This paper aims at investigating the link between fraud and business cycle in Nigeria using primary data sourced from questionnaires administered on both fraudsters and fraud managers. This is premised on the ground that Nigeria is in recession and has been recently described as fantastically corrupt. Understanding the link between fraud and economic behaviour would give an in depth understanding of fraud levels in the different phases of the Nigerian economy and would help the fraud management system in Nigeria which is believed to have great consequences on the nation's economy. Our result shows that though there is a significant relationship between fraud and business cycle in Nigeria, the level of fraud committed does not solely depend on either expansion or recession exists in the economy, rather, there is an identified range of fraud that might be increased in adverse economy.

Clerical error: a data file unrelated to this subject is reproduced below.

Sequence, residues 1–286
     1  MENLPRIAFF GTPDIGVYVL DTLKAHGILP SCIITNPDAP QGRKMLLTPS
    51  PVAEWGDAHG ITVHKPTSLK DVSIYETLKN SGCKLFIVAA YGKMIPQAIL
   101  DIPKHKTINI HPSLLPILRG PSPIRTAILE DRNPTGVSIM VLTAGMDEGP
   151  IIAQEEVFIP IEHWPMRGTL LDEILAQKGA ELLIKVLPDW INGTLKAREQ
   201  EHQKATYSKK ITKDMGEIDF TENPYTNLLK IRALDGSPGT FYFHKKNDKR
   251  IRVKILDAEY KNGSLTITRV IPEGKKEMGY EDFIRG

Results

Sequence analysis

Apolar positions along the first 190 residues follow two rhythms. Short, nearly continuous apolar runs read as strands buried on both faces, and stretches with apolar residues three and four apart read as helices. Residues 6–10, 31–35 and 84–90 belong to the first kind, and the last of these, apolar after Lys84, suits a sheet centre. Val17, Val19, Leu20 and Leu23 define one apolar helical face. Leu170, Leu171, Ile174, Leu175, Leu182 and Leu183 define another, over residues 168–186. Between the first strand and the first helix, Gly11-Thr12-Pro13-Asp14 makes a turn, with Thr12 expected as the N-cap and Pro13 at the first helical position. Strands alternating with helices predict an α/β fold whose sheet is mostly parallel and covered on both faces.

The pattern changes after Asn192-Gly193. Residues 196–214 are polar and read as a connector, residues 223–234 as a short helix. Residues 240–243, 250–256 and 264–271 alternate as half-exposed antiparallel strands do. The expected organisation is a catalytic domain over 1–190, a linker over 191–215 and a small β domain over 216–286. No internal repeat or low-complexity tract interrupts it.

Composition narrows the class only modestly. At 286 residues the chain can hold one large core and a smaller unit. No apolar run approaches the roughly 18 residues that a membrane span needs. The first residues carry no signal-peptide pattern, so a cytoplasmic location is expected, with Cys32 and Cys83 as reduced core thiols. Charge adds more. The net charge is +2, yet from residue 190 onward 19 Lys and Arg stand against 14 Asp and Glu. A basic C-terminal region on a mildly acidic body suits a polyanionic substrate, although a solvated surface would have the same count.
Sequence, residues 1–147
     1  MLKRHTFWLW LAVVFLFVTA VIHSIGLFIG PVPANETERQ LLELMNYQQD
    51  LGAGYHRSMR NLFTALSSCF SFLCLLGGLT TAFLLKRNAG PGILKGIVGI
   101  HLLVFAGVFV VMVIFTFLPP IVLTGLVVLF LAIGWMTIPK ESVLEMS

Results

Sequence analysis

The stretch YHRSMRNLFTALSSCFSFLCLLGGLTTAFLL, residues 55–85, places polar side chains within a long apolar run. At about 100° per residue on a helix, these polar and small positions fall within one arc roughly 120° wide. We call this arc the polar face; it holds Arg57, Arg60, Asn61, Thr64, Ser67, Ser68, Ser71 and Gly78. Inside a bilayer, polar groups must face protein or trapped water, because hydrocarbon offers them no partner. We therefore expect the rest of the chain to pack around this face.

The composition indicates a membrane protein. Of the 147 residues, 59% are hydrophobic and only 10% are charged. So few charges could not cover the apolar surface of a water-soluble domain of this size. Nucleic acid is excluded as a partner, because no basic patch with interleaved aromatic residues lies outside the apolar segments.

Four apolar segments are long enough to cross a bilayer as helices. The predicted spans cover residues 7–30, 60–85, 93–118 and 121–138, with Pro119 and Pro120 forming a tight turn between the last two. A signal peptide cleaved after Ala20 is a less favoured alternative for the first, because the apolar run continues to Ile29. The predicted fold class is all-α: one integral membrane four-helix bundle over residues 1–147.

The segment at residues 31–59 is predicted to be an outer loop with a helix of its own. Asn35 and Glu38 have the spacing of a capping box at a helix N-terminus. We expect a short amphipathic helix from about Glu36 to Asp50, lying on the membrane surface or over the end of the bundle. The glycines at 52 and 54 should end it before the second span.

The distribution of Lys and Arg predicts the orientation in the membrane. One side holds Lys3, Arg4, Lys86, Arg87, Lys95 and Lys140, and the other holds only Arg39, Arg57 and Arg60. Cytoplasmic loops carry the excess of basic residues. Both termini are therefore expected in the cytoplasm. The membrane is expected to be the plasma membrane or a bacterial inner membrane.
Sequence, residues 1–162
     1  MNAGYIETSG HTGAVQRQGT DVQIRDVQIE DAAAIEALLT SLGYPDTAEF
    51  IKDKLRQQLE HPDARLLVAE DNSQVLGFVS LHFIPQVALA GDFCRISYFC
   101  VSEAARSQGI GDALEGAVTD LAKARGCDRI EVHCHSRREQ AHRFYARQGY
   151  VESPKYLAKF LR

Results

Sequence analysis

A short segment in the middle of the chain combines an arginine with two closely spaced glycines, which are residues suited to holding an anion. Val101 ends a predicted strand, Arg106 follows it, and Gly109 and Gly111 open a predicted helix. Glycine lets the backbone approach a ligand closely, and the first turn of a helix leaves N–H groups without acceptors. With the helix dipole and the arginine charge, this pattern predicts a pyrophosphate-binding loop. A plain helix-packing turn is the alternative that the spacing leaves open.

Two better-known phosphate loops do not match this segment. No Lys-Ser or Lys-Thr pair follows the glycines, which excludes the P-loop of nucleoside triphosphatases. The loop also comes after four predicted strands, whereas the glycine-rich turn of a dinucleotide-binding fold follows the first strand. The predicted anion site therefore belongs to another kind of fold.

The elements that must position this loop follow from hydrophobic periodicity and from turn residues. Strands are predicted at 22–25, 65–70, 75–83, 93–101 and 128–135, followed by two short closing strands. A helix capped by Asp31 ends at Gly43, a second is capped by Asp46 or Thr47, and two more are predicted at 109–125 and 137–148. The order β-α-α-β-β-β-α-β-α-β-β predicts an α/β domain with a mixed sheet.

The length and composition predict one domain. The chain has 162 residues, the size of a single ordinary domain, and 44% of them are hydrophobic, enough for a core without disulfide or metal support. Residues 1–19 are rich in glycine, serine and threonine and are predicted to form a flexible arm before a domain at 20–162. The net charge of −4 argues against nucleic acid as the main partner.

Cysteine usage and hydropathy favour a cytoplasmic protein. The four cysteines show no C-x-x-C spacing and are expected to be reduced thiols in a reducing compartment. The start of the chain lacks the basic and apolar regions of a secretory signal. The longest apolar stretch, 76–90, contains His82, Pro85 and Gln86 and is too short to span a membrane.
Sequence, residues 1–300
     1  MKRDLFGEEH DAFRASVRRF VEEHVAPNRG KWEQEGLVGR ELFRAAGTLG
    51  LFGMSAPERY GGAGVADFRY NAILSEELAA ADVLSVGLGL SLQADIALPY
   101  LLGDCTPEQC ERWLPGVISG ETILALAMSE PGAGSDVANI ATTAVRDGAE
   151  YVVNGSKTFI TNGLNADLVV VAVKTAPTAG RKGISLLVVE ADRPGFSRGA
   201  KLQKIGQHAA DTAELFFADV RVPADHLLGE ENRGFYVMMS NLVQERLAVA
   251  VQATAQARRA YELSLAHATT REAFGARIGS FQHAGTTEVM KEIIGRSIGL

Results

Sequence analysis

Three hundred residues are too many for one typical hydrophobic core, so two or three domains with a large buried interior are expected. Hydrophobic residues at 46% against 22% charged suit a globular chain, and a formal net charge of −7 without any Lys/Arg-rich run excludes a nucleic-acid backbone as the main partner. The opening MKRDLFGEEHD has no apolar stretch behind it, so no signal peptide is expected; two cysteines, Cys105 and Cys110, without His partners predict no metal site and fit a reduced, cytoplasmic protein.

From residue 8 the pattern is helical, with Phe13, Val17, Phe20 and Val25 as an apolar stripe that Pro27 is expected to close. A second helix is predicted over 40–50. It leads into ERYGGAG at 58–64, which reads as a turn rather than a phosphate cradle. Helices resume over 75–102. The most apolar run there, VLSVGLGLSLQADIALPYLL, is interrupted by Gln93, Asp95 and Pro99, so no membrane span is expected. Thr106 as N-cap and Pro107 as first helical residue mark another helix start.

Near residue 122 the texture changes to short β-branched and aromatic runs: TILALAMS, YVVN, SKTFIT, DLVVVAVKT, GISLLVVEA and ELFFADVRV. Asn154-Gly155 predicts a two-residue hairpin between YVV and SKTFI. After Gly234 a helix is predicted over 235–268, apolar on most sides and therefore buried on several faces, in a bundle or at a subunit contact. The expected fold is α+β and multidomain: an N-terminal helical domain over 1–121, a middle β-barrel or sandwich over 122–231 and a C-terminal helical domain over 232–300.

The study examines the impact of capitalization on bank performance of some selected commercial banks in Nigeria using econometric analysis on annual time series data of ten banks over the period of 2006 to 2014. The results from a Levin, Lin & Chu unit root test show that all the variables were non-stationary. The results from a Panel Least Square (PLS) estimate found that operating expenses, bank size and bank loan are negatively related to profitability but only bank loans are significant. On the other hand, bank deposit and bank liquidity are positively related to profitability but not significant. This conclusion has important policy implications for emerging countries like Nigeria as it suggests that capitalisation and total assets of a bank should be periodically evaluated. The regulatory authorities will therefore need to put in place appropriate machinery that will address issues of bank liquidity and assure asset quality in the industry.